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'The Goldfinch,' 'The Bully Pulpit' Earn 2014 Andrew Carnegie Medals for Excellence in Fiction and Nonfiction

'The Goldfinch,' 'The Bully Pulpit' Earn 2014 Andrew Carnegie Medals for Excellence in Fiction and Nonfiction

LAS VEGAS, June 29, 2014 /PRNewswire-USNewswire/ The American Library Association (ALA) is pleased to announce this year's recipients of the Andrew Carnegie Medals for Excellence in Fiction and Nonfiction, funded through a grant from Carnegie Corporation of New York. "The Goldfinch," by Donna Tartt received the medal for fiction, and "The Bully Pulpit:Theodore Roosevelt,William Howard Taft, and the Golden Age of Journalism," byDoris Kearns Goodwinreceived the medal for nonfiction. The selections were announced on June 28 at the Andrew Carnegie Medals for Excellence in Fiction and Nonfiction Awards Presentation held during the ALA Annual Conference & Exhibition in Las Vegas.

The awards, established in 2012, recognize the best fiction and nonfiction books for adult readers published in the U.S. in the previous year and serve as a guide to help adults select quality reading material. They are the first single-book awards for adult books given by the American Library Association and reflect the expert judgment and insight of library professionals who work closely with adult readers. Nancy Pearl, librarian, literature expert, NPR commentator and best-selling author of "Book Lust," served as chair of the awards' selection committee.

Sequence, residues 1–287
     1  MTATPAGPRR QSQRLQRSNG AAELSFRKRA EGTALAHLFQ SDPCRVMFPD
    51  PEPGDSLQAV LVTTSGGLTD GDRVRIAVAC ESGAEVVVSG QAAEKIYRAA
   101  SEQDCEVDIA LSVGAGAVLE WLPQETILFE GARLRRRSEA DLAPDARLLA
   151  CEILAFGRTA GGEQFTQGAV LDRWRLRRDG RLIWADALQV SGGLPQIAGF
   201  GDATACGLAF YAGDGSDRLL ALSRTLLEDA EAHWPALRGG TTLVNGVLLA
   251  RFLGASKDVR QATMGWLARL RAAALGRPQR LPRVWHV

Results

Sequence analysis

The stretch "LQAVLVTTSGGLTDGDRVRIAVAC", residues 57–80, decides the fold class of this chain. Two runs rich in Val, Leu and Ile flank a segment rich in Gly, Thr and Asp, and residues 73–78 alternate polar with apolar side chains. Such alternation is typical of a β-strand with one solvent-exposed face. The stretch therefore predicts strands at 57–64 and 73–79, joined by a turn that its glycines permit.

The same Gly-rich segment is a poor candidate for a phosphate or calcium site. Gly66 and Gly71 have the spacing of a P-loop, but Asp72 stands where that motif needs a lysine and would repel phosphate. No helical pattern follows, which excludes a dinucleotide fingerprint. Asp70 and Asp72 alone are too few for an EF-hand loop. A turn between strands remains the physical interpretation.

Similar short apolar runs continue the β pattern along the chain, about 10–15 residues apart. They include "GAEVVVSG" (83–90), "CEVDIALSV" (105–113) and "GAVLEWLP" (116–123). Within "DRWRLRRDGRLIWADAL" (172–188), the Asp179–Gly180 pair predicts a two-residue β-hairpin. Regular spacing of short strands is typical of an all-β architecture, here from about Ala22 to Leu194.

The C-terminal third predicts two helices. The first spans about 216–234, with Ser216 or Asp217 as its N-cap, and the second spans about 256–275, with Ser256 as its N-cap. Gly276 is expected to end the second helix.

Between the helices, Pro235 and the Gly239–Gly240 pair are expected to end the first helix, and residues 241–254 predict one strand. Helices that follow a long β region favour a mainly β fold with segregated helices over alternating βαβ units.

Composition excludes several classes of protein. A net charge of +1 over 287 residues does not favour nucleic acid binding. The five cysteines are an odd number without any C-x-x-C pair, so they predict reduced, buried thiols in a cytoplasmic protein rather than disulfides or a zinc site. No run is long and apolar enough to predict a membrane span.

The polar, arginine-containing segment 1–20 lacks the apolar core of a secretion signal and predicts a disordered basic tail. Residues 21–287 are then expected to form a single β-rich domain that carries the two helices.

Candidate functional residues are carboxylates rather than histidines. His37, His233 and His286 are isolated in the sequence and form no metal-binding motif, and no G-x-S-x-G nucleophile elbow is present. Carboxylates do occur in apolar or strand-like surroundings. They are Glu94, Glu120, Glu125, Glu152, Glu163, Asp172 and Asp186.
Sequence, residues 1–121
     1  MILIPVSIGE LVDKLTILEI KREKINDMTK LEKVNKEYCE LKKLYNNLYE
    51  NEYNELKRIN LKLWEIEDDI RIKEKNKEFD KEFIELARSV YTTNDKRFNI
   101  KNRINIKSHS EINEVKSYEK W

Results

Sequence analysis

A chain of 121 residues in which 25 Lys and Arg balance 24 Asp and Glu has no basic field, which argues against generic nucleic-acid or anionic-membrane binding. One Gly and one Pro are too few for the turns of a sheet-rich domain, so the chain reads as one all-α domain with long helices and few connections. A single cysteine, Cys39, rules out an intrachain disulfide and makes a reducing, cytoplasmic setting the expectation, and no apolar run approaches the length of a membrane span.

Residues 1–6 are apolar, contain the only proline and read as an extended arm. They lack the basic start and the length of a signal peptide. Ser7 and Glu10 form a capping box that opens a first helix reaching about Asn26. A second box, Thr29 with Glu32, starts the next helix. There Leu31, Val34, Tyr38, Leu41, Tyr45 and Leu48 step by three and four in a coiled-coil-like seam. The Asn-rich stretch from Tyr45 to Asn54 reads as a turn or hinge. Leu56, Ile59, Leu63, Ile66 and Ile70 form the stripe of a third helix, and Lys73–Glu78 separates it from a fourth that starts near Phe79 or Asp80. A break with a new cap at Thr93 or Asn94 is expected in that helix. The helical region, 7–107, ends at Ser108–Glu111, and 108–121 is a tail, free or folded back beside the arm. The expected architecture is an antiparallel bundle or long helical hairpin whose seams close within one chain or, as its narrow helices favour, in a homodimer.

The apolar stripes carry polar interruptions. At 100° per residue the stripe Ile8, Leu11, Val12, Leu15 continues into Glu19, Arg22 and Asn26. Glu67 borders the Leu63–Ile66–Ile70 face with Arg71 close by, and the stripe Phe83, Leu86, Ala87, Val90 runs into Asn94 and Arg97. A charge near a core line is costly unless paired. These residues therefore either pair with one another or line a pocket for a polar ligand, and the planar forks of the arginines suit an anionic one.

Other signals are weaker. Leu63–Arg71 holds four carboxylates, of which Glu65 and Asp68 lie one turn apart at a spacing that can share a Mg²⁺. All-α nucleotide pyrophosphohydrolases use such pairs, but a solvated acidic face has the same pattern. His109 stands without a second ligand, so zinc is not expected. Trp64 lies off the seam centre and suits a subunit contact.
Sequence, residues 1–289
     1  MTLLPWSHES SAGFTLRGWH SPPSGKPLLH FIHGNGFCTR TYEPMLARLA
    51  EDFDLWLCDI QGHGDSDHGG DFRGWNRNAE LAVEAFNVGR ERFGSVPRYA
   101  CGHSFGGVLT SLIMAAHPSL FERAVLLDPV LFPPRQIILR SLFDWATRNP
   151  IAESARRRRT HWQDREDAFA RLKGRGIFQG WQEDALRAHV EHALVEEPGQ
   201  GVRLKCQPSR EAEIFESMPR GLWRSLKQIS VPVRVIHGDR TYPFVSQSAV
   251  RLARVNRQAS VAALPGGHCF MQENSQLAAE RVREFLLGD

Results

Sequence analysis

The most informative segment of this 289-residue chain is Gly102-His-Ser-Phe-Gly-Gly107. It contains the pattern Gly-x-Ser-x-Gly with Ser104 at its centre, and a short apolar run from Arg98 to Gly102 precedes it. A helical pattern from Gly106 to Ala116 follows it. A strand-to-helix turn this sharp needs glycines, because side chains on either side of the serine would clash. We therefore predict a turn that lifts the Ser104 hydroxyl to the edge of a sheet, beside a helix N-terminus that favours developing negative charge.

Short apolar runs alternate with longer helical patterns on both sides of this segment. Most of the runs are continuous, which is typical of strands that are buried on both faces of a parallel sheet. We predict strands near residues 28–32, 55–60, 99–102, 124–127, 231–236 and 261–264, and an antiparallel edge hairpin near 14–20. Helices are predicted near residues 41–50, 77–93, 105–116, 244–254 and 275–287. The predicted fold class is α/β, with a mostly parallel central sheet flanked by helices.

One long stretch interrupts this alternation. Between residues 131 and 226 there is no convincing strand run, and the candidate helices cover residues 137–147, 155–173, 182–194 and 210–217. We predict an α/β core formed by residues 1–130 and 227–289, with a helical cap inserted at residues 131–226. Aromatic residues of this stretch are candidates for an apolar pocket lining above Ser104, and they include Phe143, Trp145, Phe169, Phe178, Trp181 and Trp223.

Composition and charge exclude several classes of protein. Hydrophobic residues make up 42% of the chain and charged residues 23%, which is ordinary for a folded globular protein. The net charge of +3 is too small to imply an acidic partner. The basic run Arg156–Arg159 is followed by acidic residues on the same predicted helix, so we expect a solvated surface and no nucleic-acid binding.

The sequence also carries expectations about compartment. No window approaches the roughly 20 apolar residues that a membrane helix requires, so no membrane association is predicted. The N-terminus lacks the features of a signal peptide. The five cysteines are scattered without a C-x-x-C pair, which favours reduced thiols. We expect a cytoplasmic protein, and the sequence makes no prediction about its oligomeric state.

"Choosing the two winners of the Andrew Carnegie Medals for Excellence in Fiction and Nonfiction, which involves reading many wonderful books, arriving after much passionate discussion at a shortlist of three works of fiction and three of nonfiction, and then selecting the eventual winners (after longer and even more impassioned and spirited discussions) is no easy task," stated Pearl. "I know I speak for the whole award committee when I say that we take the responsibility of selecting the winners very seriously indeed. The reward for all our hard work is that readers can be assured that the three finalists in each category, and of course the winners themselves, are terrific reads, wonderfully written, thoroughly absorbing, and illuminating."

Tartt's"The Goldfinch," published by Little, Brown and Company, a division of Hachette Book Group, Inc., tells the tale of 13-year-old Manhattanite Theo. In the wake of his father's abandonment, Theo grows extremely close to his vivacious motheruntil an act of terrorism catapults him into a dizzying world bereft of gravity, certainty or love. Tartt writes from Theo's point of view with fierce exactitude and magnetic emotion.

Goodwin's"The Bully Pulpit: Theodore Roosevelt, William Howard Taft, and the Golden Age of Journalism,"published by Simon & Schuster, examines the complex relationship between two presidents, Roosevelt and Taft, who played major roles in the Progressive movement of the early twentieth century. Acclaimed historian Goodwin offers a superb re-creation of a period when many politicians, journalists and citizens of differing political affiliations viewed government as a force for public good.

Tartt and Goodwin accepted their medals and $5,000 prizes in person at the Andrew Carnegie Medals for Excellence in Fiction and Nonfiction Awards Presentation.

Andrew Carnegie Medals for Excellence in Fiction and Nonfiction finalists each received $1,500. Fiction finalists included "Americanah," by Chimamanda Ngozi Adichie, published by Alfred A. Knopf, a division of Random House, Inc.; and "Claire of the Sea Light," by Edwidge Danticat, published by Alfred A. Knopf, a division of Random House, Inc.


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